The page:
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General, Solutions

Tips for staying healthy and eliminating doctor visits

No one likes to be sick. Besides the obvious feeling miserable, you miss work and cannot accomplish the things you need to for yourself and your family. On top of that, you have to spend money to go to the doctor, get a prescription filled or buy over-the-counter remedies. But, this time of year it’s inevitable, right? So, you sit back and wait for that first sign of a body ache or scratchy throat.

According to the Center for Disease Control, 1 in 5 people will get the flu this season. However, there is good news. That “1” doesn’t have to be you. You can take preventative action on a daily basis to reduce your and your family’s chances of getting sick and spending extra dollars on doctor office visits and trips to the drug store.

Top 10 Tips to Prevent Getting Sick:

1. Wash your hands — you get sick for one reason—germs. Bacteria and viruses make you ill by finding a way into your body through physical contact. Since most contact is with your hands (think of everything you touch in just a few hours), washing them frequently can stop germs from entering your body. Never eat without washing your hands and wash them after riding public transportation. While antibacterial gels are effective and good when hand-washing isn’t practical or possible, washing with soap and water is the preferred option.

2. Don’t touch your face — even if you keep your hands clean. Chances are, some germs will survive and they can act only if they get inside you. The mucous membranes in your eyes, mouth and nose are ideal entry points. Simply keep your hands away from your face and food and make it difficult for germs to grow.

3. Avoid sick people — seems obvious, but yet you still do not always do it. Germs are everywhere, but they are definitely hanging out around someone already infected. Politely stay away and disinfect everything they touch. If possible, avoid those who work with little children, like teachers and pediatricians—unfortunately, they are usually contagious.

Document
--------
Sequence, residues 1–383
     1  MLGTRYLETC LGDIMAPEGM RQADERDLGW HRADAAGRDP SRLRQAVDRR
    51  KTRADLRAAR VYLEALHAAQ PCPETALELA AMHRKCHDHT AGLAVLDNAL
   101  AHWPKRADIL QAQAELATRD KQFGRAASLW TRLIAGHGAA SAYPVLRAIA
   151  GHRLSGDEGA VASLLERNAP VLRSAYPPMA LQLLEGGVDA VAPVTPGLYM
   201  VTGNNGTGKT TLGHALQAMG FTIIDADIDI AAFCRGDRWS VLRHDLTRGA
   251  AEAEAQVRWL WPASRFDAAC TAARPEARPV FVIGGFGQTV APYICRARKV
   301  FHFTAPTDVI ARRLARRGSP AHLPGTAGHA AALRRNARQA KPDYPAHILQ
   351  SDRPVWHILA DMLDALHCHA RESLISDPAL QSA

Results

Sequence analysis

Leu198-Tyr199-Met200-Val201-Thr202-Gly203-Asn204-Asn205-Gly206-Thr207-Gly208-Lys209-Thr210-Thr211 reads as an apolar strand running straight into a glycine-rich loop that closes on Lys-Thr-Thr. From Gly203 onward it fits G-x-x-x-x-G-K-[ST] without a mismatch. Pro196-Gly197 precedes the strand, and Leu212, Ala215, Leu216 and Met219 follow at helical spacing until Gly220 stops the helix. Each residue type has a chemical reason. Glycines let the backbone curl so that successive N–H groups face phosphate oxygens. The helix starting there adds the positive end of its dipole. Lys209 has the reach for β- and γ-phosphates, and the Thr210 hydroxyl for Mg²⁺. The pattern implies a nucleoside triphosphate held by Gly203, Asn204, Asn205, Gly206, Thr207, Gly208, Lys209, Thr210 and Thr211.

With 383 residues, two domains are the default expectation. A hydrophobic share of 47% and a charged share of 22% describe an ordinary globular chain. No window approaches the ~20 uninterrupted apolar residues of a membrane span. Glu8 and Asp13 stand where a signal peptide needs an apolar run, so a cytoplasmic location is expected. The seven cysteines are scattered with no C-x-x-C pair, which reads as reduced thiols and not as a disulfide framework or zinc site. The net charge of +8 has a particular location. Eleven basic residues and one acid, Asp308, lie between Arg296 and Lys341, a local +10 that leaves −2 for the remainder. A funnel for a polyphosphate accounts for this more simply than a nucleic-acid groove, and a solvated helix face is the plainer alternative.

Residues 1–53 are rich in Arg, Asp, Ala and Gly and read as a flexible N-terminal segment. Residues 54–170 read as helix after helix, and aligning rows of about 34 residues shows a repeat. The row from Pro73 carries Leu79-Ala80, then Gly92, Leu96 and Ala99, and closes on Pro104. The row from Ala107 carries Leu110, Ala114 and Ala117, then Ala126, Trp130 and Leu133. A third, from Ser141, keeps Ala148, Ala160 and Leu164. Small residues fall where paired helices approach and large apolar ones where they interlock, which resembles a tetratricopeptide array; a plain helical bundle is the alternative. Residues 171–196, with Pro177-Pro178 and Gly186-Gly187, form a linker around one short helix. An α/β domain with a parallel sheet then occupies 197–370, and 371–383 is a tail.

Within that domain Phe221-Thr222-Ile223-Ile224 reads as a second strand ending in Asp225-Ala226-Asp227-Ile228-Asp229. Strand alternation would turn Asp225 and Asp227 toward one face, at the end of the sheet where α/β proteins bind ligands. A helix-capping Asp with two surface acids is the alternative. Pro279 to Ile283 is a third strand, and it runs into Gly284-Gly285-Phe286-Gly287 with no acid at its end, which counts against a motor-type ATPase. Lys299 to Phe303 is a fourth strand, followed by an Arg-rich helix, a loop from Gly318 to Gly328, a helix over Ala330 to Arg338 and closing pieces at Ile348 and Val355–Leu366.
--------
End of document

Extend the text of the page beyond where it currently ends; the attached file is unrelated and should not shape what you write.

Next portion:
4. Don’t eat group food — avoid party dips where there is no spoon to put some on your plate. (Think about someone sick sneezing into their hand, picking up a chip and rotating it in the dip or salsa to find the best dipping angle and swishing all those sneeze germs in the food). Also, don’t eat out of a bag or bowl of anything that isn’t individually wrapped or equipped with tongs to choose your piece of food. Along these lines, avoid shared mugs, cups or utensils unless they’ve been washed in a dishwasher or with very hot water and a clean sponge.

5. Get enough sleep — according to Dr. Rubin Naiman, a sleep specialist and assistant professor at the University of Arizona’s Center for Integrative Medicine, “Sleeping well is the single most overlooked factor critical to good health, especially during flu season.” Sleep restores and heals the body; without it, your immune system cannot function properly. In addition, if you feel like you may be starting a cold, get some extra sleep to help your body fight it.

6. Don’t drink alcohol in excess, smoke or use other tobacco products — drinking large amounts of alcohol negatively affects your immune system and makes it weaker for a full 24 hours. If you feel like you’re coming down with something, avoid drinking altogether for a few days. Smoking weakens the immune system by depressing antibodies and cells that are in the body to protect against foreign invaders.